Howard Hendrix -
Art Holcomb -

016/150/2016 - Elderjoy by Gregory Benford - A quick and strange read. How do you keep a health care system funded?  By taxing behavior, of course.  Interesting, even though it's a bit creepy.

017/150/2016 - Snowbird by Joe M McDermott - I kept feeling like this would be the kind of thing Steven Spielberg would tackle.  The setting is a rural orchard where RVs, driven by AIs, start arriving en mass.  Why?  Why here?

It was very well done.  It provided the sense of there being a much bigger world, just around the other side of the mountain.

018/150/2016 - Drummer by Thomas R Dulski - At first this story of a traveling salesman caught my attention for how unique it was.  I'm always a sucker for a mundane SF tale.  The day-in-the-life kind of thing grabs me.

Here our narrator meets a younger fellow "Drummer", what those in the business are called, in a bar and he engages him in conversation.  After a bit if time he gives the younger man the advice that he might be happier in some other kind of work.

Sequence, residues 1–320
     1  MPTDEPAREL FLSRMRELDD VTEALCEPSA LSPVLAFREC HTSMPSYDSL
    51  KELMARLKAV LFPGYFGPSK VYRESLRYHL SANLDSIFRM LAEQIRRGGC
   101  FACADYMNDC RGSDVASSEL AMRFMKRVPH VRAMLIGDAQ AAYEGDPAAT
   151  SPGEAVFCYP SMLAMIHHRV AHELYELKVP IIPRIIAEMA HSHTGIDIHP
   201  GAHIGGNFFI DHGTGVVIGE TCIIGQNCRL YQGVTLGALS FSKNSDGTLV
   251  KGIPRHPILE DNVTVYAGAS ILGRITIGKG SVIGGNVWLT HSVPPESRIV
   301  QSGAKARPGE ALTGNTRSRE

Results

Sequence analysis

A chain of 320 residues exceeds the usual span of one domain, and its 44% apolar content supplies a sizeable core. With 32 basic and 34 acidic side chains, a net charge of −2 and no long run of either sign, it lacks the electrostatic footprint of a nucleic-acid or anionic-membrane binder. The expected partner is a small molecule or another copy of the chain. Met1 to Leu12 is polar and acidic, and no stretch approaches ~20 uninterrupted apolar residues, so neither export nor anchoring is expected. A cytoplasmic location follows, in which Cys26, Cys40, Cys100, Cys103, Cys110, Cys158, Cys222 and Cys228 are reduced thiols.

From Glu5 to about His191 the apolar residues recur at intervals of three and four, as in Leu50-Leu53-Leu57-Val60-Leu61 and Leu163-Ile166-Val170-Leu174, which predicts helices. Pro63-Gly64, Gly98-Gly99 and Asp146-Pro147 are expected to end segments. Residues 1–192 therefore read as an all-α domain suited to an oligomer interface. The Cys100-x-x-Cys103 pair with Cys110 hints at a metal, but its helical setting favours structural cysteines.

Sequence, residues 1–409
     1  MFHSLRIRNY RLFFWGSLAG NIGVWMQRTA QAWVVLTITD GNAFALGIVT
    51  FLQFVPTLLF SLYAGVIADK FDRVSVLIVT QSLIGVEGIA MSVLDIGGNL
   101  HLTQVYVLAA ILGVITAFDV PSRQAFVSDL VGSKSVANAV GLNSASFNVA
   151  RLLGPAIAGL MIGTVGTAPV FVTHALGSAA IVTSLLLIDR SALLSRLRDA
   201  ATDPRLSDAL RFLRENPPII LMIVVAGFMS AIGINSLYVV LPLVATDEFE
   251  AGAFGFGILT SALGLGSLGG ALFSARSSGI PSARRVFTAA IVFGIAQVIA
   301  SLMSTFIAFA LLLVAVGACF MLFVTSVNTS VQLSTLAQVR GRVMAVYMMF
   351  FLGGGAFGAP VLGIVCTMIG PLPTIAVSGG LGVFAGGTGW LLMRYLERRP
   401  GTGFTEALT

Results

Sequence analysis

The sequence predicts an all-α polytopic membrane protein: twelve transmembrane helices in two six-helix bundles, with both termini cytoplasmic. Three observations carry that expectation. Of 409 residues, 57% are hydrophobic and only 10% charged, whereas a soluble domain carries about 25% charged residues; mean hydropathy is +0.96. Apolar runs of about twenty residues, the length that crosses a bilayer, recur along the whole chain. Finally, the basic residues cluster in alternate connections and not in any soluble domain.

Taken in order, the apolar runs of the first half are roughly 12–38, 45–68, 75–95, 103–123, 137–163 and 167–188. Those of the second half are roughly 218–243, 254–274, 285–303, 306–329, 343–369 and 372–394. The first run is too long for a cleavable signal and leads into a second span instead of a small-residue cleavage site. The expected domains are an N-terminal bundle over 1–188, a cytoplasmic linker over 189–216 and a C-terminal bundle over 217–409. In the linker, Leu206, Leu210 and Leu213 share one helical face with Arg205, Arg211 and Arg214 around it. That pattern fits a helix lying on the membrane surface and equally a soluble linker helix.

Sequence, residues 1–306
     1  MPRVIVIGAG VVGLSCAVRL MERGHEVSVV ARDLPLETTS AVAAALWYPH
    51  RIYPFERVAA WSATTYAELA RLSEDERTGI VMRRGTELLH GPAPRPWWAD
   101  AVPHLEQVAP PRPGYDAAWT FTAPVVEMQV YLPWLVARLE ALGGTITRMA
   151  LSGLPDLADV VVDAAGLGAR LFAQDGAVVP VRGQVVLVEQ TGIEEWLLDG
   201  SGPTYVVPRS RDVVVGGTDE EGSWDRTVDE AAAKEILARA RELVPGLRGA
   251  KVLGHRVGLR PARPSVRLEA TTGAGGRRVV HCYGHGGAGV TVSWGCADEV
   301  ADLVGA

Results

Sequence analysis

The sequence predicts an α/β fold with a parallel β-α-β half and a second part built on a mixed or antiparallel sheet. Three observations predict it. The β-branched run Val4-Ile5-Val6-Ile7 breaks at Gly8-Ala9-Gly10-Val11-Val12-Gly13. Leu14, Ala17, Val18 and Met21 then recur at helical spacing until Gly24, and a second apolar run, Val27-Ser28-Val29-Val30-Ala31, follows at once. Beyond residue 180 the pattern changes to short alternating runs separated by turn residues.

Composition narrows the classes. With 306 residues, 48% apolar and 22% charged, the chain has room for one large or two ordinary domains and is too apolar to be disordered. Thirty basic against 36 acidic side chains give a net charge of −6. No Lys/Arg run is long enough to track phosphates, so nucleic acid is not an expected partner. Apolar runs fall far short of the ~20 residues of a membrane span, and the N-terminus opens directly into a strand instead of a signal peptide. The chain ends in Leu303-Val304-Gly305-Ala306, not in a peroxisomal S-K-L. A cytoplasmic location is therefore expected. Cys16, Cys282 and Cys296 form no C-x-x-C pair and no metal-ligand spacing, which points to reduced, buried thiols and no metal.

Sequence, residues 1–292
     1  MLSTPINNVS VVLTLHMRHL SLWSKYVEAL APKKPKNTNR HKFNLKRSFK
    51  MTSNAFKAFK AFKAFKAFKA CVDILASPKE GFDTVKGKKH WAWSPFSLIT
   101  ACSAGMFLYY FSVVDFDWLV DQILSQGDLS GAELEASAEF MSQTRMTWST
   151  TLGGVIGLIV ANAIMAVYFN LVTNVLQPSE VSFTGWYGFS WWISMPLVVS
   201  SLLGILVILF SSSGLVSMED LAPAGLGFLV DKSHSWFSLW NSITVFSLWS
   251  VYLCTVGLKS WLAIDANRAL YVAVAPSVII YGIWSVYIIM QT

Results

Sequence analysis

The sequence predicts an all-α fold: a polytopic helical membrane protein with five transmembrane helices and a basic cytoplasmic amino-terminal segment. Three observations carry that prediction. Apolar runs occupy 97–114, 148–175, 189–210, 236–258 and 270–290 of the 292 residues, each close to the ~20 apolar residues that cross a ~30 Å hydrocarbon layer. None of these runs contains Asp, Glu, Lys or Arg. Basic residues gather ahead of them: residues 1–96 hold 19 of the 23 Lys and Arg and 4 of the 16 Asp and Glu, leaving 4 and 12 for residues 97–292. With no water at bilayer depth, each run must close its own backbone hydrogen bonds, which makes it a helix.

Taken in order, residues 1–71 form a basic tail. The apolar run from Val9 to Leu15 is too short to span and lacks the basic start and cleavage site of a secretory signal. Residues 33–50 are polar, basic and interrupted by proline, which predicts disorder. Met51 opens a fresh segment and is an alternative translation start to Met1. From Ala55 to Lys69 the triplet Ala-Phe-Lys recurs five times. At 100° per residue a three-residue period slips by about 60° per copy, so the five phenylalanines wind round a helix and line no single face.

We then follow our man through the years and to other meetings with with the younger one.  

The story sort if lost cohesion for me as the younger guy kept making more radical moves as our narrator kept progressing in a more natural, tried-and-true career path.  Perhaps that was the point of the story.  Maybe you never know how a conversation, or a chance meeting will pivot a person's life trajectory.

Hmm, just by writing this entry I think I'm coming to understand it more.

Monday, March 7, 2016

Inhuman Garbage by Kristine Kathryn Rush - A Short Story Review.


Set in the Retrieval Artist universe and available from Asimov's website for free while the readers' choice awards are still in the voting stage.